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Validation of the Oregon Scientific BPU 330 for self-monitoring of blood pressure according to the International Protocol

Authors Li L, Zhang X, Yan C, Liang Q

Published 10 October 2008 Volume 2008:4(5) Pages 1121—1125

DOI https://doi.org/10.2147/VHRM.S3721

Review by Single-blind

Peer reviewer comments 3


Li Li1, XinYu Zhang1, ChunHong Yan1, QingXiang Liang2

1Biomedical Engineering Lab, Faculty of Information Engineering, ShenZhen University, ShenZhen, China; 2Bao An People’s Hospital, ShenZhen, China

Objective: Extensive marketing of devices for self-measurement of blood pressure has created a need for purchasers to be able to satisfy themselves that such devices have been evaluated according to agreed criteria. The Oregon Scientific BPU 330 blood pressure monitor is an electronic device for upper arm measurement. This study assessed the accuracy of the Oregon Scientific BPU 330 blood pressure monitor according to the International Protocol by the Working Group on Blood Pressure Monitoring of the European Society of Hypertension for validation of blood pressure measuring devices.

Method: 52 participants over 30 years of age were studied in the validation. Nine blood pressure measurements were taken alternately with a mercury sphygmomanometer by two observers, and by the supervisor, using the BPU 330 device. A total of 33 participants were selected for the analysis. The validation was divided into two phases. Phase 1 included 15 participants. If the device passed phase 1, 18 more participants were included. The 99 pairs of measurements were compared according to the International Protocol. The device was given a pass/fail recommendation based on its accuracy compared with the mercury standard (within 5, 10, and 15 mmHg), as well as the number met in the ranges specified by the International Protocol.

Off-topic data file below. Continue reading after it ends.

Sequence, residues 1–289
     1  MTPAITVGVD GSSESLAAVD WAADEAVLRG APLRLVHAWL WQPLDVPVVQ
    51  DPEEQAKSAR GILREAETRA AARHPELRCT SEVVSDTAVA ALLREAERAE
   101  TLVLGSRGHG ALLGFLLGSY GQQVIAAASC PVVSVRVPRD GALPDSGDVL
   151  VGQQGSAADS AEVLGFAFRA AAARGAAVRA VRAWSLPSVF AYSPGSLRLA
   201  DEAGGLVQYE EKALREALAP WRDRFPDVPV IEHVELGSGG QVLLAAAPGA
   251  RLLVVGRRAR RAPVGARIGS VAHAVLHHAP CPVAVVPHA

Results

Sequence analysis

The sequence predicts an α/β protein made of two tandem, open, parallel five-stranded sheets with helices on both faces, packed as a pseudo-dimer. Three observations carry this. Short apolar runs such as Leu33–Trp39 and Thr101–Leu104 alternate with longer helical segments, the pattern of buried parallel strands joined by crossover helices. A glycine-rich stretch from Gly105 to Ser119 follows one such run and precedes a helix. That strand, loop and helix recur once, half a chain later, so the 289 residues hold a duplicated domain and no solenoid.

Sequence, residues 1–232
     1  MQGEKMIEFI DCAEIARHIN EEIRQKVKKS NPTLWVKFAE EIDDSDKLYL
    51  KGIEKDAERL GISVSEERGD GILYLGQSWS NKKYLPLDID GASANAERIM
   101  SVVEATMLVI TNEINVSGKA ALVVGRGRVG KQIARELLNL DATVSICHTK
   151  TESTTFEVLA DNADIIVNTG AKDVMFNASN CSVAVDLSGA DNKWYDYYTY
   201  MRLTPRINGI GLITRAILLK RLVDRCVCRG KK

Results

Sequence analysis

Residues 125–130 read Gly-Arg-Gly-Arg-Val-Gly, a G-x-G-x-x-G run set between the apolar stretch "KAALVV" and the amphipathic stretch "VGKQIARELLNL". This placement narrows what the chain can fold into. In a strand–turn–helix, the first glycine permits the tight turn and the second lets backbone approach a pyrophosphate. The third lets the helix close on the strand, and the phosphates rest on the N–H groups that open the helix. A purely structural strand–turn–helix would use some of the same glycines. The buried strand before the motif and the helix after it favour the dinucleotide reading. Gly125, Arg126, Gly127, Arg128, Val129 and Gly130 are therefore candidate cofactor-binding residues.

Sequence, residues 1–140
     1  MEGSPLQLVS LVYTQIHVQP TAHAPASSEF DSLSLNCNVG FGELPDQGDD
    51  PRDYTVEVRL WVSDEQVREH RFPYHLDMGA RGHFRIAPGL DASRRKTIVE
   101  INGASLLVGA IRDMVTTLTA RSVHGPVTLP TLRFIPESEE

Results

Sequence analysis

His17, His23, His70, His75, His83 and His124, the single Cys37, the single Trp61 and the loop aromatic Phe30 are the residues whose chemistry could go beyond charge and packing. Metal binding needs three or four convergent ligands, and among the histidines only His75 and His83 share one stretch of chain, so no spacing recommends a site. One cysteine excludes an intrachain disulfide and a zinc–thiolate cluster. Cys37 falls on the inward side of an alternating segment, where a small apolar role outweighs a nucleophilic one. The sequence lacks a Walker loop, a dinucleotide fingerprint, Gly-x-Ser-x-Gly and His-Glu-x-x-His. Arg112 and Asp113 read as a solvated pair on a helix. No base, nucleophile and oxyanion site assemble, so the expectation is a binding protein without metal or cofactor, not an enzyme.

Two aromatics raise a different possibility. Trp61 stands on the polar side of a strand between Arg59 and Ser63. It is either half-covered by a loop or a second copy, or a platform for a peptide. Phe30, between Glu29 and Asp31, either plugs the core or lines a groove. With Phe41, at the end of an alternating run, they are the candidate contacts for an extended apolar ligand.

Results: The mean and standard deviation of the difference between the mean of the observers and the BPU 330 device were 1.7 ± 4.7 mmHg and 2.8 ± 3.9 mmHg for systolic blood pressure (SBP) and diastolic blood pressure (DBP), respectively. In phase 1, the device passed with a total of 33, 43, and 44 SBP readings; 38, 44, and 45 DBP readings were within 5, 10, and 15 mmHg, respectively. In phase 2.1, 81, 95, and 96 for SBP, and 83, 95, and 98 for DBP readings fell within the zones of 5, 10, and 15 mmHg, respectively. In phase 2.2, the last phase, 28 participants fell within the zone of two of the three comparisons, lying within 5 mmHg for SBP and 29 participants for DBP. No participants fell within the zone of all three of their comparisons over 5 mmHg apart for both SBP and DBP.

Conclusion: The BPU 330 can be recommended for self-monitoring of blood pressure in the adult population, according to the International Protocol.

Keywords: blood pressure, self-monitoring, hypertension, International Protocol

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